Do Not Reply To This Mailbox

When it comes to recruitment it should always be about the applicant, ALWAYS.  It isn’t that way, but it should be. If you’re not a consumer-based business it might just be the most prolific connection your company has with the general population.  It definitely is for the HR function.

Candidate experience should be at the top of the heaping list of priorities you have if you have HR, Recruitment or the crème-de-la-crème – Talent Acquisition on your business card.

Why?

  1. It’s the first experience for those you hire.  We spend infinite amounts of time and energy to increase employee engagement and ensure employees would recommend our company to a friend, yet we don’t pay enough attention to their first experience with the company.  Utilizing a great line from an antiperspirant commercial – you never get a second chance to make a first impression.
  2. Most companies big or small have hundreds if not thousands of applicants each year.  If you’re Google or Apple its not thousands, but millions.  And what do applicants say about your company?  As HR professionals we continually fuss about what employees say but the number of employees we have represents a fraction of the number of applicants that have something to say about our company.
  3. Each of these applicants now has a plethora of tools to amplify their voice.  They are increasingly connected to millions of other “voices” in the public domain – and if you want to improve your employment brand then there isn’t a more sizeable audience you can impact, positively or negatively.
  4. Most companies suck at it. Think about the number of companies with completely automated career websites that warmly acknowledge each applicant with a “do not reply to this mailbox” message.  And that’s a best practice?  The more typical response applicants get from companies falls somewhere between a black hole and crickets.  Nothing, nada. Yep, that’s what you’ll be competing against.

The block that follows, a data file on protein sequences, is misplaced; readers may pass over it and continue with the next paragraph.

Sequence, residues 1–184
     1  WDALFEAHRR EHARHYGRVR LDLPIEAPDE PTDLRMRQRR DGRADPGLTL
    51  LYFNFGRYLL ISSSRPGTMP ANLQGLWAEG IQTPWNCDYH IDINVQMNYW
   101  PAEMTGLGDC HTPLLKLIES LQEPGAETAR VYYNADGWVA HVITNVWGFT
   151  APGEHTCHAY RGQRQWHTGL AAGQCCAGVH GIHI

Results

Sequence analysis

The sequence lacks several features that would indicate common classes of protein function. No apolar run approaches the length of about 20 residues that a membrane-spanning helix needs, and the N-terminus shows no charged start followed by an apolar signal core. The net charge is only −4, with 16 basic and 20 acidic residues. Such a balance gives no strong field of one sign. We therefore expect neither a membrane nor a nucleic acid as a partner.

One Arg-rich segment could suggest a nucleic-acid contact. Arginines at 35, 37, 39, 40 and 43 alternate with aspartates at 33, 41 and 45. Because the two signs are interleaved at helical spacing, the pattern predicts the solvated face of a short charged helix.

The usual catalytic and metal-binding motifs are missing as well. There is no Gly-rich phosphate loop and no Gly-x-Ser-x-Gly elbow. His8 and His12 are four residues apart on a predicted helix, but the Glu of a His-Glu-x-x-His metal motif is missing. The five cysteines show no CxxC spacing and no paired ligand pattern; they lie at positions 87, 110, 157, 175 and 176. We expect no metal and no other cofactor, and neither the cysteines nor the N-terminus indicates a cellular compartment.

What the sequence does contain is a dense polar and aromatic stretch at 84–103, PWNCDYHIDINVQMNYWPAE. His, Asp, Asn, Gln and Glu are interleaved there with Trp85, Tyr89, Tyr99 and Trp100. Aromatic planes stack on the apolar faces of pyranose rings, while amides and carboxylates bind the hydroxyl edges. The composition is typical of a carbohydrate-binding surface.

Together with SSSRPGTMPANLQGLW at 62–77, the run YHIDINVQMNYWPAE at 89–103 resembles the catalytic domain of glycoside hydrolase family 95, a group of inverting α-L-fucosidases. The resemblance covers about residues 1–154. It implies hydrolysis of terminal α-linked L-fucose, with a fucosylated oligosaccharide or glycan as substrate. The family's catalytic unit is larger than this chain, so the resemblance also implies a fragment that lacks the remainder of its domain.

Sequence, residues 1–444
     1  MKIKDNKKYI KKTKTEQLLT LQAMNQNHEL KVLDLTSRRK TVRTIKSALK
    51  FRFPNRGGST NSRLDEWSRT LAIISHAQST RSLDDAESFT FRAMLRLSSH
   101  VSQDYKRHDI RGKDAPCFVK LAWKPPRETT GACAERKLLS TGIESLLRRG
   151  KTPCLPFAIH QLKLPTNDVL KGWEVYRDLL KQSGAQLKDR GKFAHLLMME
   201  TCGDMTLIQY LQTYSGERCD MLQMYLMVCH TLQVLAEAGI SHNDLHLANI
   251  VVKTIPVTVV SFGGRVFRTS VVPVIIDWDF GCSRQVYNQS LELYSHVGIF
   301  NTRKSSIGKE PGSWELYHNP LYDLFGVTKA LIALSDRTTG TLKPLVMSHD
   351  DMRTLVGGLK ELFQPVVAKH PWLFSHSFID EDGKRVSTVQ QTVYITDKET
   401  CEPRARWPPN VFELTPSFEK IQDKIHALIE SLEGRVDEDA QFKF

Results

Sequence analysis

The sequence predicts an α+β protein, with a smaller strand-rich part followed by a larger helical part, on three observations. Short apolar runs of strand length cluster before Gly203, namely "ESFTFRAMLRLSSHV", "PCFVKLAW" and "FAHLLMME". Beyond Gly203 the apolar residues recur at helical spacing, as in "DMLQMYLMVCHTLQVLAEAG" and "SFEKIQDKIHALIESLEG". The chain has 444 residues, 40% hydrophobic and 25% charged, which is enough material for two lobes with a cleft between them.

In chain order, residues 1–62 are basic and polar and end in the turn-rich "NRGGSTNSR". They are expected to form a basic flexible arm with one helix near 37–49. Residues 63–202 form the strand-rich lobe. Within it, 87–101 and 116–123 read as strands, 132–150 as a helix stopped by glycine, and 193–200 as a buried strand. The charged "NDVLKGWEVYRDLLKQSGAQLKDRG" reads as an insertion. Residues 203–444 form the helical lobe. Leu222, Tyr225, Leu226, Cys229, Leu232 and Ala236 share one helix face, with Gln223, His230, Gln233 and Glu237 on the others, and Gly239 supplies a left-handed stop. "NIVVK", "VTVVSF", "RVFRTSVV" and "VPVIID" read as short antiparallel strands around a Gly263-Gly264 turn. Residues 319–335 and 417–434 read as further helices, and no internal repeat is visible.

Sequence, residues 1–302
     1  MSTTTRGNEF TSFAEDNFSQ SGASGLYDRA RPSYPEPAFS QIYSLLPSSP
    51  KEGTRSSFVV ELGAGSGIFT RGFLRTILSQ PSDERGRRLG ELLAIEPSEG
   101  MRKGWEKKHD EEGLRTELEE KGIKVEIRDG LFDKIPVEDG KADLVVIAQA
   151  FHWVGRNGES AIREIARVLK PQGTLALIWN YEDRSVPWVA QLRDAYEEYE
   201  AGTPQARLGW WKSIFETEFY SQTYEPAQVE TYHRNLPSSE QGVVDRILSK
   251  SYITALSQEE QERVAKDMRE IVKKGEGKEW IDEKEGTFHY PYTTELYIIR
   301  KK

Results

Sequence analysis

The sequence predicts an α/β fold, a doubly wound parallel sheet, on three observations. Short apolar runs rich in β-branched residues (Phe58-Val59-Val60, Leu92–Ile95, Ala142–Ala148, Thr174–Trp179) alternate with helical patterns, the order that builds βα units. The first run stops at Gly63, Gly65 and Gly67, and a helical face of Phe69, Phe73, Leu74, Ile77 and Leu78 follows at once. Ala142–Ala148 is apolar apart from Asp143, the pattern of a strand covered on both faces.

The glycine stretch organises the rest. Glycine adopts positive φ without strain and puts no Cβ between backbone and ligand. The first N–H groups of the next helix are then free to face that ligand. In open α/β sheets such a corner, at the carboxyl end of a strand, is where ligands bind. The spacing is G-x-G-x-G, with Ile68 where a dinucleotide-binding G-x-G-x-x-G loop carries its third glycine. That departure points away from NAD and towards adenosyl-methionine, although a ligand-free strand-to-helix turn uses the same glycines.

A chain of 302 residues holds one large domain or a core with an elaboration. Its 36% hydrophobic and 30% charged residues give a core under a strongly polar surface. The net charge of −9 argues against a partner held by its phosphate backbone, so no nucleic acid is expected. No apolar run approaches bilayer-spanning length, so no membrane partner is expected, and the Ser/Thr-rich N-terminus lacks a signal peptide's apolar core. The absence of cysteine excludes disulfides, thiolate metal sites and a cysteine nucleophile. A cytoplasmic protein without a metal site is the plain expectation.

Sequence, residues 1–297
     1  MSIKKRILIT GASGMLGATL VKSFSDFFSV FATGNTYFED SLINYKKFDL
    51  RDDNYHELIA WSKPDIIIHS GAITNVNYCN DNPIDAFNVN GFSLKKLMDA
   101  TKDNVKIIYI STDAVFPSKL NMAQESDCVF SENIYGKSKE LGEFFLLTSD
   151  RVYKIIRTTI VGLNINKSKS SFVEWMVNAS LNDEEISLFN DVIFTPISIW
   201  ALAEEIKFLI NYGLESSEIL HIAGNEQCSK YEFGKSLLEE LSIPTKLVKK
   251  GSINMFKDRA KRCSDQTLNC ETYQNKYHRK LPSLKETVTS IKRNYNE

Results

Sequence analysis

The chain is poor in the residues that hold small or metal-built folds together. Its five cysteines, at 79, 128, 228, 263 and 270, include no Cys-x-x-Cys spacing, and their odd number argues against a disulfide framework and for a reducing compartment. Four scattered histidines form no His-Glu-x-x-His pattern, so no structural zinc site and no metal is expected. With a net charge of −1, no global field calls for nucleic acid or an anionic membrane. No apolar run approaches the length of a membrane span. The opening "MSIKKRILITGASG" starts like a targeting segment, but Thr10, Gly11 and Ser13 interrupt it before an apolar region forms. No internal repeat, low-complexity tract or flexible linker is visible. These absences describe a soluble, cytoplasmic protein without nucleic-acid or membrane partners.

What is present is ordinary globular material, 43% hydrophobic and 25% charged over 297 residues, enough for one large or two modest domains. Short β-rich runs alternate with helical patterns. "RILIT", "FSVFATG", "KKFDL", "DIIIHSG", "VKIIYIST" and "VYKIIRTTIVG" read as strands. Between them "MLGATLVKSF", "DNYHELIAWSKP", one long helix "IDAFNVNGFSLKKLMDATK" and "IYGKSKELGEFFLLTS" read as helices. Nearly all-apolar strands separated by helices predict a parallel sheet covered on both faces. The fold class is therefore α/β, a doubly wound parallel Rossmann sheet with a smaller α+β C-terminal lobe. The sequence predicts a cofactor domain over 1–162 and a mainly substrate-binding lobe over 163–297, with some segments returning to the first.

5. And frankly, it’s simple stuff.  Candidate experience can be greatly enhanced with the simplest of actions and those actions will reap BIG paybacks.  That means you don’t have to be a Fortune Best Company to Work For in order to differentiate your company positively.

So what’s the one simple step you can take that will provide you with the roadmap for improving your

company’s candidate experience?

Simply apply.

That’s right.  Apply for your company, and then apply for at least a few others that compete for the same talent in your space.  How do you stack up?  How long did it take?  How easy was it?  And perhaps most importantly, did the applicant feel as if their application was recognized, appreciated and reviewed by something more than an inanimate object, your mainframe?

Personalize your applicant processes.  Streamline them too.

Will it take too much of your recruitment team’s time?  Maybe a bit more but when you think that every applicant can become an extended part of your recruitment team then the extra time is worth the effort.  Hands down.

Consider some traditional techniques that have since fallen prey to automated recruitment systems:

  • Send each Applicant a personalized letter telling them you appreciate their application but regret to inform them that they are not among the most qualified for the position.  Thanks, but no thanks.